Don’t think for a moment that Calvin, believed that everyone was entitled to his opinion. You were only entitled to Calvin’s opinion. If you disagreed with Calvin you were exiled from Geneva or worse. Once a man said publicly that he didn’t care what Calvin taught, he was sure that he himself had free will, he was quickly tried and sentenced to exile. He promised he would believe what Calvin taught, but please don’t send him away from wife, children and home. Calvin magnanimously allowed him to stay if he did public penance by walking through the streets of Geneva in his undershirt carrying a lighted candle, begging Calvin’s forgiveness.
Fun was pretty much outlawed in the New and Reformed Geneva, drinking frowned on, singing and dancing and the like. Calvin banned plays and tried to introduce religious pamphlets and psalm singing into Geneva's taverns. At one point Calvin closed the taverns and replaced them with “evangelical refreshment places” where moderate drinking was allowed, but only when accompanied with Bible reading. There were laws against certain clothes and work or pleasure on Sunday. Those found guilty of wild dancing were severely punished. Those condemned for “bawdy singing” had their tongues pierced. (I wonder what Calvin would have made of the tongue piercing craze of our times. Would he have become a body piercing enthusiast? He seems to have liked piercing but disapproved of jewelry.)
Calvin rediscovered the Old Testament which clearly calls for strict punishments. Jesus’ dialogue with the woman caught in adultery, “Has no one condemned you? Neither, then, do I” does not seem to cross Calvin’s mind or heart. Idolatry, as Calvin defined it, rosaries, religious images and the like, was punished with death, as was blasphemy. As in the Law of Moses, to curse or strike a parent, should be punished with death and so Calvin once had a child executed for striking his parent. The penalty for adultery is, of course, death. Calvin had his own stepdaughter, among others, burned at the stake for adultery as well as her husband, his son-in-law, in a separate incident.
But the icing on the Calvinist cake is the death of Michael Servetus. Servetus was a Unitarian. He did not believe in the Trinity and so fled the Inquisition in his native Spain. Calvin was an old acquaintance, and Servetus assumed he would be safe in Geneva’s anti-Papist republic. Calvin and Servetus had written about thirty letters to each other, debating doctrine until Calvin got angry and stopped corresponding. The greatest offense was that Servetus had sent Calvin a copy of Calvin’s own Institutes of the Christian Religion with corrections in the margins pointing out Calvin’s errors. Servetus decided to visit Geneva with Calvin’s permission in 1547. Calvin, however wrote a letter to Farel, his aforementioned collaborator, saying that if Servetus came to Geneva there would be trouble, “for if he came, as far as my authority goes, I would not let him leave alive.” On his way to Italy, Servetus was dumb enough to pass through Geneva where he attended one of Calvin's sermons. Calvin had him arrested. After a long trial designed by Calvin’s opponents to irritate him, the town council, at Calvin’s bidding, condemned Servetus to death as a heretic. Calvin had a moment of pity and asked that Servetus be beheaded instead of burnt. No Luck. Servetus was burnt on a pyre of his own books.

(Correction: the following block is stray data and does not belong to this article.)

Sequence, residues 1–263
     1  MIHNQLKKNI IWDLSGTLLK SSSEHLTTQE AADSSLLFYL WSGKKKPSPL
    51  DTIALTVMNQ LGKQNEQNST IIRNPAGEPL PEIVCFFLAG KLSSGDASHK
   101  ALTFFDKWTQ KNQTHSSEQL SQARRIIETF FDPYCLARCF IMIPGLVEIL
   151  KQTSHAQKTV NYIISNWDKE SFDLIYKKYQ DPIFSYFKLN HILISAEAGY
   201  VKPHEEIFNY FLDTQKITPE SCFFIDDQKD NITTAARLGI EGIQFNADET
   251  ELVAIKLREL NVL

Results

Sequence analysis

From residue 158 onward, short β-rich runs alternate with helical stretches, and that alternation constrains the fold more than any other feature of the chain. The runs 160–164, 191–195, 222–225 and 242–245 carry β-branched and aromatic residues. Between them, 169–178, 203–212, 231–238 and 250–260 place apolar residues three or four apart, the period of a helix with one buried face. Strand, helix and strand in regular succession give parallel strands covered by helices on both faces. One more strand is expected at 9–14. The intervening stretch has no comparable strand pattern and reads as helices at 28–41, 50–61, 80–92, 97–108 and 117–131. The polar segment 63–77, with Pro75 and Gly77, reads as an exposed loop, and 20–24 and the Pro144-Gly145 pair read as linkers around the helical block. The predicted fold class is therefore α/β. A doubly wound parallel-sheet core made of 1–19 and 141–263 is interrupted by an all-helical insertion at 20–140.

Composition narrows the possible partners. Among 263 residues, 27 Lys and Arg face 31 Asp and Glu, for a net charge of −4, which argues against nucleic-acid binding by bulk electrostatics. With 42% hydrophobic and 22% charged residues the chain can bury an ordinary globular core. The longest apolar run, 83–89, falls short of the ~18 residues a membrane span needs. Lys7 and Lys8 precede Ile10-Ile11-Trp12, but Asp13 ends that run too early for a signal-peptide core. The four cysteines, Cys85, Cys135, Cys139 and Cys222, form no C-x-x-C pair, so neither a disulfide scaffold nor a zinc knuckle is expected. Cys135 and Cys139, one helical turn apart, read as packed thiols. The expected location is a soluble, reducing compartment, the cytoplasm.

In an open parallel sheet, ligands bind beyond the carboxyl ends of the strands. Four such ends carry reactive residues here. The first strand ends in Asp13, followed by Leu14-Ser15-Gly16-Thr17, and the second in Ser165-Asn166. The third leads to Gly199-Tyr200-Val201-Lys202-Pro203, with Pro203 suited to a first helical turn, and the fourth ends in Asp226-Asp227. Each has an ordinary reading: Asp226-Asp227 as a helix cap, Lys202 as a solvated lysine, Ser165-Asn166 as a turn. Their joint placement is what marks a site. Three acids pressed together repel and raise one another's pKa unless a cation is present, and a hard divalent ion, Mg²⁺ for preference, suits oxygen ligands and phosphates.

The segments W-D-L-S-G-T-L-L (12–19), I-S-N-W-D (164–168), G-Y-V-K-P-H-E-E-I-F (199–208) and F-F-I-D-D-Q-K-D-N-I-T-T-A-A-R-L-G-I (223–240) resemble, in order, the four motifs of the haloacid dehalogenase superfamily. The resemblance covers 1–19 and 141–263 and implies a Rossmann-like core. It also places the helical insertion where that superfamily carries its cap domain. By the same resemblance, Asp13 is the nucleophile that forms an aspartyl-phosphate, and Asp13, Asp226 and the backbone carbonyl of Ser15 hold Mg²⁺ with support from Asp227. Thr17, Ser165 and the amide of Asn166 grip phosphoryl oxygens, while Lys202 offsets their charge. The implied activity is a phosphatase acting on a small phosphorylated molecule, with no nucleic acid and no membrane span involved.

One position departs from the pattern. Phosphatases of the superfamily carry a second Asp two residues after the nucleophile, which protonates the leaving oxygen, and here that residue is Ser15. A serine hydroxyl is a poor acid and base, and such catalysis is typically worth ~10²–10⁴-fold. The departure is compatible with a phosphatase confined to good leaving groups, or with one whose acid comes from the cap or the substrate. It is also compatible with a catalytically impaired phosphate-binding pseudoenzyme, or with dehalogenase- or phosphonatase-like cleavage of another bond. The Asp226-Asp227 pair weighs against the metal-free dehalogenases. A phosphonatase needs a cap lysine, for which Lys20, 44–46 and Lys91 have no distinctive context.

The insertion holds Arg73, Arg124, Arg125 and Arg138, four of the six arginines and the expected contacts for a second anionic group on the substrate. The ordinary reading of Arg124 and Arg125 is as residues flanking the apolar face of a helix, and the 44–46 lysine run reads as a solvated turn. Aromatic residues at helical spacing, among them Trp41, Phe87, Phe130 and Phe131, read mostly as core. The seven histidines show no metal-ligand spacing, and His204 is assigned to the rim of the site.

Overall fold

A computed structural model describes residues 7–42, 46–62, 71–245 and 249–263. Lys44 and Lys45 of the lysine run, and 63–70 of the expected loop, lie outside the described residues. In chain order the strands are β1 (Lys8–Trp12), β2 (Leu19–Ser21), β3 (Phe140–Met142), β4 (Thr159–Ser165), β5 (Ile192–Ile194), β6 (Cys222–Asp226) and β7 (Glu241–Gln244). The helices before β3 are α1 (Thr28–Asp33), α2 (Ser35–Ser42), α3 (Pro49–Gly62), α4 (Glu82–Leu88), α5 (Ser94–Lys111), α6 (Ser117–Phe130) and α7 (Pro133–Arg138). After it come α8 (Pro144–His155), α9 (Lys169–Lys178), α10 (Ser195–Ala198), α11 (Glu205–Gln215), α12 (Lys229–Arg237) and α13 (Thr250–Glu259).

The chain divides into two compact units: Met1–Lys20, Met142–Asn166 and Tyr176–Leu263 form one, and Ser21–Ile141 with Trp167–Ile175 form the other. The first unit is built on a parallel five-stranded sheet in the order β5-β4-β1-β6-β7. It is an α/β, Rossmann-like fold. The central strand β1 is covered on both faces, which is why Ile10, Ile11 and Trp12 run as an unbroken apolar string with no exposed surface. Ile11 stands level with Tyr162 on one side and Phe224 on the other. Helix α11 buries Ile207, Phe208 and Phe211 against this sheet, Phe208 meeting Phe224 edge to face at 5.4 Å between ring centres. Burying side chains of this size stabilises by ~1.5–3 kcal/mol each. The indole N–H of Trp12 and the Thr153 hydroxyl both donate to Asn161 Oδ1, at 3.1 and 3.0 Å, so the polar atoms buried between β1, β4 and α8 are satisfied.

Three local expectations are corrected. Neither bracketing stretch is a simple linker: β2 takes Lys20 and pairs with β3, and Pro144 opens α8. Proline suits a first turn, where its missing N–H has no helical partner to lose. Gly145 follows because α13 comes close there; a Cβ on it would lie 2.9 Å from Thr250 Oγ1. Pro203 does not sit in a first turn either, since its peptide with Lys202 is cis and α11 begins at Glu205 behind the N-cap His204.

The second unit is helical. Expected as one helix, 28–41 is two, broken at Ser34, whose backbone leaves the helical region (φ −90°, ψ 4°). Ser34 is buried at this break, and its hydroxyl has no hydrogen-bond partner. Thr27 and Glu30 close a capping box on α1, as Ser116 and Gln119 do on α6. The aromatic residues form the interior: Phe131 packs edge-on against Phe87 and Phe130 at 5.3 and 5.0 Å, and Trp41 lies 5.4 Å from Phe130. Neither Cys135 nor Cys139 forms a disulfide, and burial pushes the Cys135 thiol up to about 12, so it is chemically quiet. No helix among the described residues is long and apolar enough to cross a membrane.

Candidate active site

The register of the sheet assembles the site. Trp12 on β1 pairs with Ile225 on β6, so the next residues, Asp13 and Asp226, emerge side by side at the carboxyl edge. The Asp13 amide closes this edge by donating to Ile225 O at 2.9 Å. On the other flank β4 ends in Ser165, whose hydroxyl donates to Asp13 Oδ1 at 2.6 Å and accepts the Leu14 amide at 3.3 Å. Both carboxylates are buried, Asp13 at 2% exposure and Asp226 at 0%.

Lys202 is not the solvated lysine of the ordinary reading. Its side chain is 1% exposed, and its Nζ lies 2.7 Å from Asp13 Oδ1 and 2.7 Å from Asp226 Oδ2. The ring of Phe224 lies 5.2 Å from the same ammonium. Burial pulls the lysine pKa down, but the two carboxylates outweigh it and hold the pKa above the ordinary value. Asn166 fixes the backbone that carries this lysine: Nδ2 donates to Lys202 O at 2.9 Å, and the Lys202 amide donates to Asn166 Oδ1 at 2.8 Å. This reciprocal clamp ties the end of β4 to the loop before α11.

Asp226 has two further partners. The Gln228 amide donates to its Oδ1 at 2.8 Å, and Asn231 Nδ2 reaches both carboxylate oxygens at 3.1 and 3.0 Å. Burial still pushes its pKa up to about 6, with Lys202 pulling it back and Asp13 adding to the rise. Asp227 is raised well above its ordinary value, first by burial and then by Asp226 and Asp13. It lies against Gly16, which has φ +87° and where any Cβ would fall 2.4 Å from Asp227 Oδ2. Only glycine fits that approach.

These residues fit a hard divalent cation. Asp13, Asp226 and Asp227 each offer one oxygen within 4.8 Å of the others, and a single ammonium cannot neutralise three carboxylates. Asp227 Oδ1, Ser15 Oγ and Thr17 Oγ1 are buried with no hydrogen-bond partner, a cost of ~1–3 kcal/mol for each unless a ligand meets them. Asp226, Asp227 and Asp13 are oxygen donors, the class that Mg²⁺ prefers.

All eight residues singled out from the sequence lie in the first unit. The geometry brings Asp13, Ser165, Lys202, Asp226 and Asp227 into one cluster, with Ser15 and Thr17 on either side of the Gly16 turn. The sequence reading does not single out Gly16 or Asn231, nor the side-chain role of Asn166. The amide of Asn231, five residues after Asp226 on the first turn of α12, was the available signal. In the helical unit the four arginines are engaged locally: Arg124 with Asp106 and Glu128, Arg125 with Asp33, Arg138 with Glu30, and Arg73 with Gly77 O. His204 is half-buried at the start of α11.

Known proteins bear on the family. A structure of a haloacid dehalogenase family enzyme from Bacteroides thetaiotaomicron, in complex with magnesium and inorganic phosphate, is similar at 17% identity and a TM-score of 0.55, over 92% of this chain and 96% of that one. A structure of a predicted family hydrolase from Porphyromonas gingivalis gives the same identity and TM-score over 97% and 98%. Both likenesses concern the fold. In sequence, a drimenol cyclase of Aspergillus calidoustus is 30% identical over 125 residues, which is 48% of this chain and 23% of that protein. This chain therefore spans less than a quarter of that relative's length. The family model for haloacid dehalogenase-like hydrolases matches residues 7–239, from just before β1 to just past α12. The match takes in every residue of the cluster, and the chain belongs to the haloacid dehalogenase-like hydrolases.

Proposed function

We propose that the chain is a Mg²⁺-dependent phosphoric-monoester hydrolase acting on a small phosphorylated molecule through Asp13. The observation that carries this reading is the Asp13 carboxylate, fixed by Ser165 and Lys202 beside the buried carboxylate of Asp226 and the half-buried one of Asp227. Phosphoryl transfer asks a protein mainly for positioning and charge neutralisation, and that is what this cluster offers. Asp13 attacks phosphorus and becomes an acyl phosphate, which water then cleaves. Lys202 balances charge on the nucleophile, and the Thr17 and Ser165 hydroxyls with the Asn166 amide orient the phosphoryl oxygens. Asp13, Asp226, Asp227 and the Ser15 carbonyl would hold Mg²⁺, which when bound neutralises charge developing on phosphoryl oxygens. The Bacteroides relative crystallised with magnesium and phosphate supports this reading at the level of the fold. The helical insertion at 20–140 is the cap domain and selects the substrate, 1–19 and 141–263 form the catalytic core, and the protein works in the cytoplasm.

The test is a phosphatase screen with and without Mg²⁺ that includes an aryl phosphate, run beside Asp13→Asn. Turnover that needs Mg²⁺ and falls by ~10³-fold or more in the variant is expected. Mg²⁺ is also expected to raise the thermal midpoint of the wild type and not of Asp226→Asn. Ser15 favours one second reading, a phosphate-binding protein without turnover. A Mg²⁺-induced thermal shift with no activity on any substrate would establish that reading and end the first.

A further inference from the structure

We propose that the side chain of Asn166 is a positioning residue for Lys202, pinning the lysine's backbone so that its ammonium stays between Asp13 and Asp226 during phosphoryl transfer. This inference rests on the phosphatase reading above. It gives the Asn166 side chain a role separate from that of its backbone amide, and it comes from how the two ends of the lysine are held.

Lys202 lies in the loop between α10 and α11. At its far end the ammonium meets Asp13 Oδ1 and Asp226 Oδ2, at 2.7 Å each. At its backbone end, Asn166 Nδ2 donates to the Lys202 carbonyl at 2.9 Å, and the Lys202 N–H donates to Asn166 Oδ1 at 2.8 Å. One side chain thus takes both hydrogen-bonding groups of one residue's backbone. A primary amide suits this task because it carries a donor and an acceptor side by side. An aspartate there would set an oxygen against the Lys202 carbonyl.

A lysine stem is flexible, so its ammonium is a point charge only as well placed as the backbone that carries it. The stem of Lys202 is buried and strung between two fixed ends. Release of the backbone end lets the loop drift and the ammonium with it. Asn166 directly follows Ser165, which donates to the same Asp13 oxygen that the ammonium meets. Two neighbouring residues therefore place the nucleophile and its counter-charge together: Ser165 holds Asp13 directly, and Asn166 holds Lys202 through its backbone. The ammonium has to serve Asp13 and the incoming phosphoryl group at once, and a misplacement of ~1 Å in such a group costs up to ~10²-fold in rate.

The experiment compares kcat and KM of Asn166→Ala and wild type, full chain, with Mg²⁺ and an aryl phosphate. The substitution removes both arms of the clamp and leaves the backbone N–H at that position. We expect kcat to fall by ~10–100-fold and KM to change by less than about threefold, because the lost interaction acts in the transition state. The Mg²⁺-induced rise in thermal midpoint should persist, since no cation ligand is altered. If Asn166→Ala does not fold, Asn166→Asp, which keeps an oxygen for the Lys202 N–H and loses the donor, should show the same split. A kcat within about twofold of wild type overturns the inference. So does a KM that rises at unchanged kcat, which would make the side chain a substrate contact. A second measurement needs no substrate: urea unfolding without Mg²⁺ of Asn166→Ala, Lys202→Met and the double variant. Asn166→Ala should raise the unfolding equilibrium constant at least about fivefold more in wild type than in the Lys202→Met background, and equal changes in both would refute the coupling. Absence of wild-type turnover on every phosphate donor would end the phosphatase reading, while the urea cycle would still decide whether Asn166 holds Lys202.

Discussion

Calvin was the consummate work-aholic. He wrote night and day corresponding with his followers from Poland in the east to England in the west. One of his most important correspondents was the Duke of Somerset, the regent of England for the boy king, Edward Tudor, son of Henry VIII. In 1546 in a letter to Somerset, he expounded on his theory about the right of punishment taught in the Law of Moses, which threatened stiff-necked people with death, just what of England wanted to hear.
Somerset raised his nephew, King Edward, as a strict Calvinist and thus set the stage for the English civil wars. When Edward died at age 15, his very Catholic sister, Mary, decided to bring England back to the Catholic church. Like rats from a sinking ship, Protestant leaders fled England. Calvin was more than happy to shelter English exiles in Geneva starting in 1555 Eventually, they formed their own reformed churches under the tutelage of John Knox and William Whittingham and so carried Calvin's ideas back to England and Scotland, and thence to the whole English speaking world. Before we can move on to the Pilgrims and their progress, we need to take a side trip to figure out just how Calvin took the Merry out of Merry Olde England.
Next week: HENRY VIII THE INVENTOR OF THE NO FAULT, NO HEAD DIVORCE